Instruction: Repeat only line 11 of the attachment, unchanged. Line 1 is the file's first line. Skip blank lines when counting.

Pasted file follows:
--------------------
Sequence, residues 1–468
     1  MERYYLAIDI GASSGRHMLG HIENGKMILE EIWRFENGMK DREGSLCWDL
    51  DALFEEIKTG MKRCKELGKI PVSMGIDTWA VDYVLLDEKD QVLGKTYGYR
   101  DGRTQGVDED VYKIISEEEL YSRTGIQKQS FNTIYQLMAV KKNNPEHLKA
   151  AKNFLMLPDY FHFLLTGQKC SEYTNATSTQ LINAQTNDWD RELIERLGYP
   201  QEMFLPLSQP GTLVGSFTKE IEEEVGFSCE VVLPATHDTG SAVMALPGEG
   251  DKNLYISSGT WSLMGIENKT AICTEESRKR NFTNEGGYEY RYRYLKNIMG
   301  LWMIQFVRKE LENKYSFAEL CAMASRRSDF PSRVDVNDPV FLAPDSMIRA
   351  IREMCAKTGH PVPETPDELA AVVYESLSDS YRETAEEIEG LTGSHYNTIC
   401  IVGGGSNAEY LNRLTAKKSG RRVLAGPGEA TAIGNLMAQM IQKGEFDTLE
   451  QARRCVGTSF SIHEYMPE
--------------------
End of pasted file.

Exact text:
   451  QARRCVGTSF SIHEYMPE